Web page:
A first publication of the acclaimed writer's personal correspondences includes whimsical accounts of her 1880s adolescence, letters written during her early journalism years, exchanges penned in observation of World War II and her own struggles with aging.
Jonathan Franzen presents a collection of recent essays and speeches about everything from his violent encounter with bird poachers in Cyprus to the suicide of his friend and rival David Foster Wallace to the ways technology has changed how people express their love.
Julia Child was a genuine rebel: She took the pretensions that embellished French cuisine and fricasseed them to a fare-thee-well, paving the way for a new era of American food — not to mention blazing a new trail in television. Bob Spitz reveals the history behind the woman who taught America how to cook.
Philadelphia journalist Rod Dreher moves back to his hometown of St. Francisville, Louisiana (pop. 1,700) in the wake of his younger sister Ruthie's death. After her funeral in the fall of 2011, Dreher began to wonder whether the ordinary life Ruthie led in their country town was in fact a path of hidden grandeur, even spiritual greatness, concealed within the modest life of a mother and teacher.
German-born biergarten owner Chris Von der Ahe bought the St. Louis Browns baseball team in order to sell more beer, but the purchase became a turning point in American baseball history.
The Irish novelist, poet and playwright presents a lyrical narrative of her life that describes her convent school education in Ireland, the scandal that ensued upon the publication of her first novel and the wild 1960s parties that introduced her to people from all walks of life.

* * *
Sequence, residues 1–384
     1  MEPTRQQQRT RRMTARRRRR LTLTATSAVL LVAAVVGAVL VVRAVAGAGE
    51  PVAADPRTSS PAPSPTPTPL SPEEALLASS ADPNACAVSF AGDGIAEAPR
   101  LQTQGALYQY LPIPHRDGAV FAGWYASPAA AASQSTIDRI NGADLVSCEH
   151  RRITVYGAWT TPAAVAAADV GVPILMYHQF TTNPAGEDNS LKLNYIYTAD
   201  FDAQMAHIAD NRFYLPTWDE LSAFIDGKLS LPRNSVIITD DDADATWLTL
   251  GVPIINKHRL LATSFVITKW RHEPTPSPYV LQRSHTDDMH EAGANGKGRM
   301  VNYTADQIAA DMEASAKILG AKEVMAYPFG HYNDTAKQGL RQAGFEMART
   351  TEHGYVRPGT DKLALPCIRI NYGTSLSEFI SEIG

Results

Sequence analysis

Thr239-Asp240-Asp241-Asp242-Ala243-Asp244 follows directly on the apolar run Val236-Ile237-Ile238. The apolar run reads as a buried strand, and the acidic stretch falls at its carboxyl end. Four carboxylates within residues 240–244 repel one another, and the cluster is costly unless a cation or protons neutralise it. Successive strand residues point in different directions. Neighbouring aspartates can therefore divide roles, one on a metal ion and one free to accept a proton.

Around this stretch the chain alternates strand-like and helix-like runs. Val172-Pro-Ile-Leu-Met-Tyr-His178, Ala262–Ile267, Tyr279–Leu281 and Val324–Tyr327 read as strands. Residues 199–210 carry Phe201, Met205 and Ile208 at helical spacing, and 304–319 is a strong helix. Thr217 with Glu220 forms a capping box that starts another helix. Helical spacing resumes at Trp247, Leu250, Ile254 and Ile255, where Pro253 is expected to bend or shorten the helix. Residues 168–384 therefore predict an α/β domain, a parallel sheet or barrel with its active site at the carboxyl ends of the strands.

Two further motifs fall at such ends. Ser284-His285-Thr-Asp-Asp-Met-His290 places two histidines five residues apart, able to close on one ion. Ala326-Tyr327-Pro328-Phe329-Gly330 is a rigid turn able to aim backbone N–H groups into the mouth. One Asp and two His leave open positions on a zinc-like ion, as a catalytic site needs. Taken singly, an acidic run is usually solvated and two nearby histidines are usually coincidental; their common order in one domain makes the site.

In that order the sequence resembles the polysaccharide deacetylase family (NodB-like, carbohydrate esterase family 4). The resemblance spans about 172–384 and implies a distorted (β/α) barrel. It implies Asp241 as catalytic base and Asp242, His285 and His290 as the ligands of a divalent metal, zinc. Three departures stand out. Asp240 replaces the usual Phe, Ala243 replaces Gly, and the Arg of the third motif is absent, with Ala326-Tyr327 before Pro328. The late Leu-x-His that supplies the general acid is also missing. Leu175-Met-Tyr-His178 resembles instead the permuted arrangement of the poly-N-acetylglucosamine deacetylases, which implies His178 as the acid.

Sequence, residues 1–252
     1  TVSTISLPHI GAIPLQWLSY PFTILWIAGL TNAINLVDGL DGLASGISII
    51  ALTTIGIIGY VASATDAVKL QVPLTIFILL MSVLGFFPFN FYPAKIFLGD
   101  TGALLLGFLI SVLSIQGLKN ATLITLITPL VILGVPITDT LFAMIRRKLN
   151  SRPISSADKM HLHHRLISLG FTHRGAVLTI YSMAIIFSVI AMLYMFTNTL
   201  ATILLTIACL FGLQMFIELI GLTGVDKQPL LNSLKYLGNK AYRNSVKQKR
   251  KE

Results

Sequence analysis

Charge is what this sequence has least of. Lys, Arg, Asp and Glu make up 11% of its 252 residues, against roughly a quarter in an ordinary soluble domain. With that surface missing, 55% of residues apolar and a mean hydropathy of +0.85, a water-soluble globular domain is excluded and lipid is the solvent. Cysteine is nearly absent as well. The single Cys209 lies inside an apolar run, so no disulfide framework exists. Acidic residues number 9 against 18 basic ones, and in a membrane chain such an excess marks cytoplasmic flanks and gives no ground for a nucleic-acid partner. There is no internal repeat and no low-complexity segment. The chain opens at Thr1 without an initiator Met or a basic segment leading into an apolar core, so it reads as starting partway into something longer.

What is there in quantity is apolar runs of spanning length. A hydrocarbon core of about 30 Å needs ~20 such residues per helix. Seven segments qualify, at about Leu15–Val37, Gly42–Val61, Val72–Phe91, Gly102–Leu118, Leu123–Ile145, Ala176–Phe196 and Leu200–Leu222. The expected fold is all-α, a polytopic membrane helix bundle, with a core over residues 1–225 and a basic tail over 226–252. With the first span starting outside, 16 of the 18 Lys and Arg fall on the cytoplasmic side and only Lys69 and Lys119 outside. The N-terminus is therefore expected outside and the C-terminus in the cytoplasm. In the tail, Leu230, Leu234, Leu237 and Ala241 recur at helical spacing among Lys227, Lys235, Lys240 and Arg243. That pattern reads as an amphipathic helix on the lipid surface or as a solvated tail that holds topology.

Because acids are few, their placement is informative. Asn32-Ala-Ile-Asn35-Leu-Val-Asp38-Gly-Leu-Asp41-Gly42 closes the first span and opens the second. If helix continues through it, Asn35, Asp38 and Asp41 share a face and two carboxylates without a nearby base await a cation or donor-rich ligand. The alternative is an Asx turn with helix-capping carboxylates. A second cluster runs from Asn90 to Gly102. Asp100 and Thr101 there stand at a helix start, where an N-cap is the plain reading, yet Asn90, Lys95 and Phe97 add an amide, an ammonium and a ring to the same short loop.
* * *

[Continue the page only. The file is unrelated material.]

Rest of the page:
Traces the efforts of eighteenth-century author and radical Thomas Day to create an ideal wife, describing how he adopted two young orphans and raised them according to the extreme principles of Jean-Jacques Rousseau and the Enlightenment.
The first woman to represent Texas in the United States Senate introduces some of the extraordinary women who have shaped the state of Texas and the nation, including Clara Driscoll, who fought to save and preserve The Alamo.
The drummer for the Grammy Award-winning group The Roots, which also serves as the house band on Late Night with Jimmy Fallon, discusses a historical range of musical artists as well as African American art, hip hop, culture and philosophy. 40,000 first printing.
William Friedkin, maverick of American cinema, offers a candid look at Hollywood, when traditional storytelling gave way to the rebellious and alternative; when filmmakers like him captured the paranoia and fear of a nation undergoing a cultural nervous breakdown.
After she was born, Fawzia Koofi, the 19th daughter of a local village leader in rural Afghanistan, was left to die in the sun by her mother. Against all odds, Koofi survived and went on to become Afghanistan's first female deputy speaker of Parliament. She shares her story in a memoir that's punctuated by a series of letters she wrote to her own two daughters in which she describes the future and freedoms she hopes they and all of Afghanistan's women might one day enjoy.
An authoritative portrait of the Latin-American warrior-statesman examines his life against a backdrop of the tensions of 19th-century South America, covering his achievements as a strategist, abolitionist and diplomat.
The author shares the lessons about womanhood and personal style she learned from both her mother, an upper-middle-class New Yorker who was the polished hostess at her family's garment district restaurant, and Elsa Schiaparelli, the outrageous, iconoclastic Italian fashion designer.